Being named Flutist of the Year by Black Women in Jazz and the Fine Arts, well, that’s only the tip of the jazzy iceberg for multi-talented Regan Whiteside. With a handful of jazz/funk/soul albums to her credit (including Class Axe and Quantum Drive) – and she’s just getting started! – her style is way beyond catchy. Hard to believe what a flute can do: Regan makes it sing, scream, wail and tell it like it is.
You’ve been classically trained – which composers do you like?
I’ve always had a thing for composers whose music pulls at your heart strings, like Rachmaninoff, Debussy, and Ravel. At the same time, I loved playing high-octane pieces like The Planets by Gustav Holst. There is no better place to be than sitting dead center in the middle of the orchestra while performing Mars. Talk about HD surround sound!
When/why the change to jazz? Who were your first jazz influences?
I’ve always wanted to be a jazz musician, but everyone told me that I should get a strong classical foundation first. Initially, I was resistant, but then I grew to love it and changed my whole focus over to performing classical music.
All the while, I was still listening to Herbie Hancock, Ella Fitzgerald, and Oscar Peterson, as well as a ton of R&B and funk like Stevie Wonder, Rick James and Earth Wind & Fire. By the time I got to my senior year in college (as a classical performance major at a conservatory), I realized that my heart wasn’t in classical music anymore. After graduation, I went to a jazz club where Bob Baldwin and Marion Meadows were performing and I knew at that moment where I wanted to go with my music.
“Valentin Dream” by Ragan Whiteside
Were you inspired by any of the rock bands who were into the flute, like Jethro Tull and others?
Yes – I was introduced to Jethro Tull in college and I was excited and inspired to see the things Ian Anderson could do with the flute. I was also inspired by a lot of Latin jazz bands (which I was often exposed to, growing up in New York). Dave Valentin was simply amazing.
What other instruments do you play?
Piano, but mostly for writing. I can play most woodwind and brass instruments, although not well enough to gig with them (smile).
How early were you trained vocally?
I’ve had voice training off and on since I was 14.
Did you have your family’s support when you decided to make music your career?
Absolutely. They have been my biggest cheerleaders and support system. They have gone above and beyond!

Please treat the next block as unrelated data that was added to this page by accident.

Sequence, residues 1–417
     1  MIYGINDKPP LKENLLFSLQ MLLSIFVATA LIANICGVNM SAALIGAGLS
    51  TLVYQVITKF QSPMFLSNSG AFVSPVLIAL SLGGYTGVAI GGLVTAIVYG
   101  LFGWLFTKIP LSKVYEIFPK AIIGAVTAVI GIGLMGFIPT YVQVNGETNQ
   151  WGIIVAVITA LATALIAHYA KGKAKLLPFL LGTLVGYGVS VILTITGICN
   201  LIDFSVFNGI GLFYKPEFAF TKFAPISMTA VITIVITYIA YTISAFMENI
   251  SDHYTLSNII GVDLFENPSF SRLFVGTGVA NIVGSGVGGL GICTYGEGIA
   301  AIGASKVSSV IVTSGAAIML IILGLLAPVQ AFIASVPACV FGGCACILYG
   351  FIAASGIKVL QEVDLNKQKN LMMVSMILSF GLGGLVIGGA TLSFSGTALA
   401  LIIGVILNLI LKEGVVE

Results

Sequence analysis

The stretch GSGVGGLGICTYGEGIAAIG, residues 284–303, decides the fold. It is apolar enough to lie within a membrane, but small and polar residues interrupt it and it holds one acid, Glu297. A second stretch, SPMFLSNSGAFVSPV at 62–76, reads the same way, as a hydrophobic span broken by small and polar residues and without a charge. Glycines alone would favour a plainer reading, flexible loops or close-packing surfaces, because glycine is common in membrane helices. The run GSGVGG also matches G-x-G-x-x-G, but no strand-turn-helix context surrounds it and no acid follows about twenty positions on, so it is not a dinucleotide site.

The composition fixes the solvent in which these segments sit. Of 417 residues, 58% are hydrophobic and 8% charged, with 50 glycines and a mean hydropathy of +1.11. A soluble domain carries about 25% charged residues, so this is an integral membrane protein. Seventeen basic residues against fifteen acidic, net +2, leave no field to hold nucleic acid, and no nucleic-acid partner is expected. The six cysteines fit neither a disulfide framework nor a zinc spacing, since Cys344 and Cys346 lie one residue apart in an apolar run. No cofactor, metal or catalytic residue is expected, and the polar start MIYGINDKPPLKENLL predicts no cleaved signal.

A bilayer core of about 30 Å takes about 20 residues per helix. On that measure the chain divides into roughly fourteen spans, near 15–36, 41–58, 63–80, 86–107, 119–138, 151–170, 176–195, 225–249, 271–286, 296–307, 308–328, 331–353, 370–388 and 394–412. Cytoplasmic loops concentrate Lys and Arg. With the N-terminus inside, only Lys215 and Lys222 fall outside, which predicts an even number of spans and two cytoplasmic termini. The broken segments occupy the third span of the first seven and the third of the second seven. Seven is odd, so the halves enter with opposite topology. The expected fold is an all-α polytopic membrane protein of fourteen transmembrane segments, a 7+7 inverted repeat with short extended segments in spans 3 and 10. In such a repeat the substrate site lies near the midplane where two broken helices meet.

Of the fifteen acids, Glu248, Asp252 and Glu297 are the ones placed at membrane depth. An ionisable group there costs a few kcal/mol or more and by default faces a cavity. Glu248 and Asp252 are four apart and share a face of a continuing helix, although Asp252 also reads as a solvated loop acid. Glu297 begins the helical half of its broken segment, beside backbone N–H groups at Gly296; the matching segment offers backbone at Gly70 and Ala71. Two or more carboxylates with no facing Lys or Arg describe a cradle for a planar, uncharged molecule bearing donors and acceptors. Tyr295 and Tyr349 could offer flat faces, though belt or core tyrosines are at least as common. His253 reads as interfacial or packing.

Do you come from a musical family?
Music always had a big presence in my house growing up, but my parents were not professional musicians. My dad did a little singing, my mom played a little trombone. However my uncle, Kenny Whiteside, was a professional musician and had a huge influence on me and my decision to go into music.
What instrument would you want to learn?
Electric bass and drums are very high on my bucket list.
How long to perfect your embouchure?
It’s always a work in progress!
When did you form your band (flute, keys, drums and bass) and why?
I was in my early 20s when I first started performing my own music with a band. I’ve been fortunate to have played with some of the most talented musicians of our time. I love collaborating and vibing off of other musicians on stage. There’s no feeling like it.
Which composers have inspired you?
Stevie Wonder, Herbie Hancock, and Bob Baldwin, to name a few.
There’s a new album coming out in May. What would you say about the selection of songs?
The name of the album will be released shortly.
That said, this album is probably my favorite one so far. All of the tunes were written and performed with a “feel good” vibe. I also have some amazing guest artists: Kim Waters, Tom Browne, Bob Baldwin, and Frank McComb, to name a few.
Talk about the experience crowdfunding Quantum Drive?
Crowdfunding that album was very nerve-racking. There was so much riding on its success and there were a lot of moving parts to stay on top of. At the end of the day, it felt really good to see the outpouring of support from family, friends, and fans. I am still very grateful.
Grammy hopes and dreams?
Sure, I would LOVE to win a Grammy – but winning or not winning will never define me as a musician.
Your inspiration for song lyrics comes from what sources?
The lyrics are always inspired by life, whether it’s my life or someone else’s.
Where do you go in your head when you play?
I go to the same place as when I meditate. I find that I’m more creative when I don’t think too much and just let go.
What are the unique qualities of the flute and why is jazz a natural fit?
I love that the flute can be both incredibly melodic and percussive. That range gives you a lot of creative options which definitely lends itself to jazz.
Are you involved in any community education, like helping intro jazz to young adults?
I have visited a bunch of schools from elementary through high school and I hope to do more of that in the future. Music education always seems to the first thing to get cut from the budget so it is up to today’s musicians to help keep it going.
Please add comments, thoughts, etc.
I just want to thank everyone who has supported my music over the years. It really means the world to me!
(c) 2017 Debbie Burke